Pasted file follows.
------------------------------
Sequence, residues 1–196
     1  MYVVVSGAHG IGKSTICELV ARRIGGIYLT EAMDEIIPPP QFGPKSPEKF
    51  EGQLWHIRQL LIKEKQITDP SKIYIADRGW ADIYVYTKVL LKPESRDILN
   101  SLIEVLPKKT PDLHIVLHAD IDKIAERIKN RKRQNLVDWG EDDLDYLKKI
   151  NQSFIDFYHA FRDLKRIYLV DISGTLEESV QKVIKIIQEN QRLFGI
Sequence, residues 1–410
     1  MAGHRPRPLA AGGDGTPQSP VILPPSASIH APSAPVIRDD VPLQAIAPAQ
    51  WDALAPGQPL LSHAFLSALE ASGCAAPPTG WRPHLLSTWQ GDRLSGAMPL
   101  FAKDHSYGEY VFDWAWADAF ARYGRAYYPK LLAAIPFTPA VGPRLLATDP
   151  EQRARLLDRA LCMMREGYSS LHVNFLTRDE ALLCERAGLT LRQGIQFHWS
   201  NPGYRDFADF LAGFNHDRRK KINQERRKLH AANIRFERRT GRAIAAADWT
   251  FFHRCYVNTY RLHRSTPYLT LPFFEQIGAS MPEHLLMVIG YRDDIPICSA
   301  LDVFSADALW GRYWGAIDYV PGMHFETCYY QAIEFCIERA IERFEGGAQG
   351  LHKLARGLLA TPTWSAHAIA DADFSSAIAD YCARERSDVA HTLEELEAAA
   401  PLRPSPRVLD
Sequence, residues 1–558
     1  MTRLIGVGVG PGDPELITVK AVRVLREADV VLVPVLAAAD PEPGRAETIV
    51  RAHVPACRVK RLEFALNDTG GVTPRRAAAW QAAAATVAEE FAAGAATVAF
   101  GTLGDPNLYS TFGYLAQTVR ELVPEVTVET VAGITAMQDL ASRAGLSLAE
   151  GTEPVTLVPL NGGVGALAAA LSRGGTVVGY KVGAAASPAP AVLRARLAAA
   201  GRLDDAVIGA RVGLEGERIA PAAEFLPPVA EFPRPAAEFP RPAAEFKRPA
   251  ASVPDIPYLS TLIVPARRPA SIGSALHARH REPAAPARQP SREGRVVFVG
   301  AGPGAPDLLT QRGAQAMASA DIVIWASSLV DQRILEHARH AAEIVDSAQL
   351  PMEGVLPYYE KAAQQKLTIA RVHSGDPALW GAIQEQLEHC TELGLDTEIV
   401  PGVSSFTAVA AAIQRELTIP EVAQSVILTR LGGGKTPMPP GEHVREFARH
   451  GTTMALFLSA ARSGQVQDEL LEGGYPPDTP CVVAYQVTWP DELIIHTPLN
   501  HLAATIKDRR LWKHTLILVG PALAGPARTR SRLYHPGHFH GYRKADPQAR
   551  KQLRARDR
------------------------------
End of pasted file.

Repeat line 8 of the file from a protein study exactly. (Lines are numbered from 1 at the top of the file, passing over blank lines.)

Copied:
    51  WDALAPGQPL LSHAFLSALE ASGCAAPPTG WRPHLLSTWQ GDRLSGAMPL